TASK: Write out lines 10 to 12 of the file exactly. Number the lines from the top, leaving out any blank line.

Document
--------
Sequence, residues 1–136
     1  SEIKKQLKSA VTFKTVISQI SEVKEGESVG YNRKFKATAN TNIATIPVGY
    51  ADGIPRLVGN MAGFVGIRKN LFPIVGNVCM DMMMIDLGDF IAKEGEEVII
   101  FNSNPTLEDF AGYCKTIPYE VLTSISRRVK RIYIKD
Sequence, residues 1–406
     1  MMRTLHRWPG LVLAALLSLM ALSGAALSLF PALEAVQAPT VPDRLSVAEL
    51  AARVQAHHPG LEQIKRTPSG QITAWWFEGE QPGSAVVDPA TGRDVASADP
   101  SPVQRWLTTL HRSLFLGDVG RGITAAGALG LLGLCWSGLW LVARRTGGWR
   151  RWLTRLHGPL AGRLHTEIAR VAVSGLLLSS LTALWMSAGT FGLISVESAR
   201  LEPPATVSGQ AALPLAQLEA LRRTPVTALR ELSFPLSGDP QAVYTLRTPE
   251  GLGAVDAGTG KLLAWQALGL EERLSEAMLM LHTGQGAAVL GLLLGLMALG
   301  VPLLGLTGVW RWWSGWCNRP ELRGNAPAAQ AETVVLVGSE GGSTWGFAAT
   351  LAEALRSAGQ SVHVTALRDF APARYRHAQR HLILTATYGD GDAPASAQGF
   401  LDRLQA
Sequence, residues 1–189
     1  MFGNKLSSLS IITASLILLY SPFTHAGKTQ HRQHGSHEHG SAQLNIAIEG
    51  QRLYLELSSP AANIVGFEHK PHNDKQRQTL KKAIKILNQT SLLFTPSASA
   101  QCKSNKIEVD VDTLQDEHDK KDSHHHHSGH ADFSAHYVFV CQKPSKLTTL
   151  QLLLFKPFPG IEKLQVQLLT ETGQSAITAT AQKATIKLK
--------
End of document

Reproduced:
   201  LEPPATVSGQ AALPLAQLEA LRRTPVTALR ELSFPLSGDP QAVYTLRTPE
   251  GLGAVDAGTG KLLAWQALGL EERLSEAMLM LHTGQGAAVL GLLLGLMALG
   301  VPLLGLTGVW RWWSGWCNRP ELRGNAPAAQ AETVVLVGSE GGSTWGFAAT